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trickstar34

I have always found the conception of the Big Rip kind of strange, it just seems impossible for the whole universe to just end like that. I would go with either Big Bounce, Big Chill, or that the matter will be held close enough in galaxies to keep life possible. Do you think there is a point in space where there are no more galaxies and there is just a huge void that goes on forever? I seem to think that when looking at maps of the discovered super-clusters. What do you think of the theory that black holes are embedded universes (read more in the post above yours)? I find it plausible.

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K^2

Space is most likely closed on itself, like a surface of hypersphere. Not sure about the actual topology, though. Spherical or Toroidal would be my first two guesses. Klein bottle is another possibility, because it does seem like spacetime has a "flip side".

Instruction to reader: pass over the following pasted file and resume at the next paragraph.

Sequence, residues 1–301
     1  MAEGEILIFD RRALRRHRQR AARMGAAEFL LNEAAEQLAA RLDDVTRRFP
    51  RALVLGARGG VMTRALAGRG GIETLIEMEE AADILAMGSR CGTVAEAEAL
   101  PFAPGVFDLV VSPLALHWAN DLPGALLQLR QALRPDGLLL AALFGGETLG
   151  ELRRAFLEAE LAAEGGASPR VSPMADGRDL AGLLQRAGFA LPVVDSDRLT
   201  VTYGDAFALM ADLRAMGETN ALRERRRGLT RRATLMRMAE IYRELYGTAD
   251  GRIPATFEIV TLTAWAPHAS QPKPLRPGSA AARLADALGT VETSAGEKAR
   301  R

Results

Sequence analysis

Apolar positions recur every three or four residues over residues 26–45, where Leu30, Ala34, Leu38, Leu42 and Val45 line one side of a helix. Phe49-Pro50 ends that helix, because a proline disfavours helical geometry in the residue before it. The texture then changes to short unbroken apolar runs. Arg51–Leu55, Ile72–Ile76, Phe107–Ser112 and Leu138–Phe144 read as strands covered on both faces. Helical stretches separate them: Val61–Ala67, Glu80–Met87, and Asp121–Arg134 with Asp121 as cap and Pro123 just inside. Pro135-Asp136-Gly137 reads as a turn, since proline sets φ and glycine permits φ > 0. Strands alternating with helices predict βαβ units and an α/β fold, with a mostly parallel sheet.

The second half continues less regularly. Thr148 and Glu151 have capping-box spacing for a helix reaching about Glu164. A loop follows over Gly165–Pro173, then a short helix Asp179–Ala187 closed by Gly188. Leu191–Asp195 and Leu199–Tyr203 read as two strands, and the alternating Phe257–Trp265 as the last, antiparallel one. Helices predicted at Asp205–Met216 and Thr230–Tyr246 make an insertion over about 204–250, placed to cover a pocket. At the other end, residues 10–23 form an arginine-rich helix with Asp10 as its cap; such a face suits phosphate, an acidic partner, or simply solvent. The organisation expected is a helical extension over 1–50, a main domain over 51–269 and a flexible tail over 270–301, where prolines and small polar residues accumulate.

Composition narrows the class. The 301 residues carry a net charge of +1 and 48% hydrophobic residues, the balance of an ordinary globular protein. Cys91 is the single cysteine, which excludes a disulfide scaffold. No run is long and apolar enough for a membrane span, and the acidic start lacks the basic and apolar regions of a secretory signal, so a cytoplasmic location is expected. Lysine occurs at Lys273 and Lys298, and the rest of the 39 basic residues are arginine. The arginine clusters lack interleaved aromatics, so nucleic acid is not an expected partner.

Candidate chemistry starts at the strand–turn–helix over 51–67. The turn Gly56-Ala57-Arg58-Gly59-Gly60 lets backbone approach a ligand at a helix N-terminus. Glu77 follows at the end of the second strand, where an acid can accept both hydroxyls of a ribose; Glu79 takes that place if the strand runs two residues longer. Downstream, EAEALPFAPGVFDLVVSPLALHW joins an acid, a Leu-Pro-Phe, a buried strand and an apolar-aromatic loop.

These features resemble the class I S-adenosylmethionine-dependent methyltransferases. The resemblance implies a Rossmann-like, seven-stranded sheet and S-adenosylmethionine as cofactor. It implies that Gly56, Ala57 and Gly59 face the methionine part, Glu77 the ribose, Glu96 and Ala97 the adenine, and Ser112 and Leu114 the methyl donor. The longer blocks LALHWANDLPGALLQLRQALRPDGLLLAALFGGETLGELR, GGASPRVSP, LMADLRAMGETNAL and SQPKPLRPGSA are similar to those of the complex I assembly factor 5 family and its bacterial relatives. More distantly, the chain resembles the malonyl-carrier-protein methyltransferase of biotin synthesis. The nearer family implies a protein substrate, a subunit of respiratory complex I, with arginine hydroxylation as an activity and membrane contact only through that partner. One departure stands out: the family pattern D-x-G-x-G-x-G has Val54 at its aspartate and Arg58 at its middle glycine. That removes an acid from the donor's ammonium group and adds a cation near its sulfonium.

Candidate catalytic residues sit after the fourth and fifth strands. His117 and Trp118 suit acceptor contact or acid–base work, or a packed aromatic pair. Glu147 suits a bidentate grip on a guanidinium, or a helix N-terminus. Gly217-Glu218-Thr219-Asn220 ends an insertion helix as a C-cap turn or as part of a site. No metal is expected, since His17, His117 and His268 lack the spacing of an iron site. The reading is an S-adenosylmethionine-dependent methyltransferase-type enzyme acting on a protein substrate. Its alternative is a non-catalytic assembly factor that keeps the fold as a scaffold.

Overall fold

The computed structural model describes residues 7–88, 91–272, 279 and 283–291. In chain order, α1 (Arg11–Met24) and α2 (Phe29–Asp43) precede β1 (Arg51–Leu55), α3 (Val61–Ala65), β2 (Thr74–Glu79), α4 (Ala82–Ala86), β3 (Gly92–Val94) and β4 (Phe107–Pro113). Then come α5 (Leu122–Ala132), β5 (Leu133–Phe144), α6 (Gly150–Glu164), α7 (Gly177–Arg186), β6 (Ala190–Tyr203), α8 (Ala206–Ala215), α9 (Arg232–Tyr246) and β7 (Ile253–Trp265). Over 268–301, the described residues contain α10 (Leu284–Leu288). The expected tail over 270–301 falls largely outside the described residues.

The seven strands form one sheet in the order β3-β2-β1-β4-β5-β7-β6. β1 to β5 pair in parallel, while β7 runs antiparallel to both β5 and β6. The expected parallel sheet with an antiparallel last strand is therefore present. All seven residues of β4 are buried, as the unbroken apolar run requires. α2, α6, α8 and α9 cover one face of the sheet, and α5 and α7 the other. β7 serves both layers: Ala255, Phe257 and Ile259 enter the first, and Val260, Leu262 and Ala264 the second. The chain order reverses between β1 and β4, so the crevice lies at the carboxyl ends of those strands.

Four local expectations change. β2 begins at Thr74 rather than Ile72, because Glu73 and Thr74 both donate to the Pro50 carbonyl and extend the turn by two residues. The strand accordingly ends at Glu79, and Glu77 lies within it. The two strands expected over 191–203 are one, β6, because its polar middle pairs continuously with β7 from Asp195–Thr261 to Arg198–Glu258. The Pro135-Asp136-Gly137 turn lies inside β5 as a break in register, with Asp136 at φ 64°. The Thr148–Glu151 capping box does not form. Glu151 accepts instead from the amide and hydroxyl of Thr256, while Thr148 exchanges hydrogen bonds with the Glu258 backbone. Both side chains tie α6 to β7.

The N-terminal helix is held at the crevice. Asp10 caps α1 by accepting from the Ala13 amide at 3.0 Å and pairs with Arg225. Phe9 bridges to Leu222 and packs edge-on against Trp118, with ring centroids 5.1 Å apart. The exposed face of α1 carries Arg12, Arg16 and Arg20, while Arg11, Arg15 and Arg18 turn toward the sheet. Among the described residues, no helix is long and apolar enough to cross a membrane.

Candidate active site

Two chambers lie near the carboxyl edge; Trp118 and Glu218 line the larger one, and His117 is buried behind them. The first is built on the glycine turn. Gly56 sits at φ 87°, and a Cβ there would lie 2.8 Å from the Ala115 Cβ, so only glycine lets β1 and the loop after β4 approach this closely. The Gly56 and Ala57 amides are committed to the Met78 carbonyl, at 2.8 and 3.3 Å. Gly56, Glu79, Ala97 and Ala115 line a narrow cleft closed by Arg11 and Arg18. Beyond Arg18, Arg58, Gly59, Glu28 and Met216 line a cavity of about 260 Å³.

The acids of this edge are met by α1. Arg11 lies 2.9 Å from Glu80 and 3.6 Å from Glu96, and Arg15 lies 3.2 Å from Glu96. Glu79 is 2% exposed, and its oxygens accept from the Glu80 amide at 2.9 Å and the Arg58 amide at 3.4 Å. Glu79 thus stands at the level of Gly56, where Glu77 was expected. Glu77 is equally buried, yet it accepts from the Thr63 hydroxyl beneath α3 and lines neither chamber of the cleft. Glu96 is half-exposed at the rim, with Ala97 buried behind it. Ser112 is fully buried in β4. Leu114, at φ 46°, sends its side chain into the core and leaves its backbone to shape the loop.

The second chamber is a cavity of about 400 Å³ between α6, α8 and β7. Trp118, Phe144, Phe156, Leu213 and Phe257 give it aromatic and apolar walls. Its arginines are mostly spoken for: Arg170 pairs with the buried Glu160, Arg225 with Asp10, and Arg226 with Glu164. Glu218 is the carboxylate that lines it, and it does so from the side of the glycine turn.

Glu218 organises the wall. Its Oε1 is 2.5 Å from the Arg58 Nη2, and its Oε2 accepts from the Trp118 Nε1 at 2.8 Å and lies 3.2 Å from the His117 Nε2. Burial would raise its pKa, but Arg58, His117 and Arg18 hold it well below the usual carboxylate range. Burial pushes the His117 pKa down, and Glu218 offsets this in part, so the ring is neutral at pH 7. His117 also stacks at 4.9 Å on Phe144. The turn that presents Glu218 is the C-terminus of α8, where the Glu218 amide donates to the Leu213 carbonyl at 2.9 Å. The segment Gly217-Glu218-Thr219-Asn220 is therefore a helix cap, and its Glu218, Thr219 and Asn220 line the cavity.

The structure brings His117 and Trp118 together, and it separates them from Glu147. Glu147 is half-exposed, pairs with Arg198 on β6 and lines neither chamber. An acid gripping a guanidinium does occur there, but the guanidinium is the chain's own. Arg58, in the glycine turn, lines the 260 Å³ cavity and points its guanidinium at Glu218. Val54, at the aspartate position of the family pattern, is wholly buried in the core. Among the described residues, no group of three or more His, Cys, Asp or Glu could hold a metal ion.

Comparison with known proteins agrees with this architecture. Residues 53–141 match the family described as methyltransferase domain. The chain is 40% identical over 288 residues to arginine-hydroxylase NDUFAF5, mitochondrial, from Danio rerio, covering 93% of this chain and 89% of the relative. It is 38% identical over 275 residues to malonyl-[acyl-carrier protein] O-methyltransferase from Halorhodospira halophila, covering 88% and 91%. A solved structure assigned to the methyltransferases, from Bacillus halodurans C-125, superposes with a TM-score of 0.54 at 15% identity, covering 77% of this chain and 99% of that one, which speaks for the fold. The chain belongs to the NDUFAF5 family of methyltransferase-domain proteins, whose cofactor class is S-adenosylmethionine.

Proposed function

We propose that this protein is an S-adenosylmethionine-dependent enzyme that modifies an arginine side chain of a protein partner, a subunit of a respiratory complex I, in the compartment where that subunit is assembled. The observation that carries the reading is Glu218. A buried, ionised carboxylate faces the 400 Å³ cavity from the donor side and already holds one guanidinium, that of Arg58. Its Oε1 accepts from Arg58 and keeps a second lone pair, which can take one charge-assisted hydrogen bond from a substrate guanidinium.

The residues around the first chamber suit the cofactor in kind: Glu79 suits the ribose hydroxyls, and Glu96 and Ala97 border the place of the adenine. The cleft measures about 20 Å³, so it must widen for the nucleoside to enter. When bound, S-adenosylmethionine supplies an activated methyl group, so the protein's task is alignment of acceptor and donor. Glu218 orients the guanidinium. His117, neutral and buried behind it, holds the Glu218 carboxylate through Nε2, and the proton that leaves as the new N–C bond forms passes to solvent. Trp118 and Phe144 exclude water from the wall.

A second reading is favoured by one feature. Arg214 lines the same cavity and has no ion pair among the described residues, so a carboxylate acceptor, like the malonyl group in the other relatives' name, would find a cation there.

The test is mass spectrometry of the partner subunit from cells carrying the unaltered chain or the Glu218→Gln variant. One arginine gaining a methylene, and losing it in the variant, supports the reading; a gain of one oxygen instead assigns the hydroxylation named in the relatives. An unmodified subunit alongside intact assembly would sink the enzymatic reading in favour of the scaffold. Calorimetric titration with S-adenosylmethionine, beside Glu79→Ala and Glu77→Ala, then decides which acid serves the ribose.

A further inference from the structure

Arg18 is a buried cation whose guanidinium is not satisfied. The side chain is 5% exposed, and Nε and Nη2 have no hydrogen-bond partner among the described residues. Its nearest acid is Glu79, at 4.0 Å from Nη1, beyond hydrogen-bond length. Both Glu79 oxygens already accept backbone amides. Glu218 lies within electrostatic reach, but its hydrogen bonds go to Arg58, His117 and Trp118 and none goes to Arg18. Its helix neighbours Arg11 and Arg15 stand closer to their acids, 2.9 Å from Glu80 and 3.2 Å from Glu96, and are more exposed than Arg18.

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trickstar34

I actually think it's spherical, and it's a very, very, very large sphere, that would explain why we can't see the light from the beginning of the universe. Although the fact that light bends with space, proof is the sun bends light and black holes trap light.

Edited by trickstar34

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MorlockGod

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Edited by MorlockGod

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Loman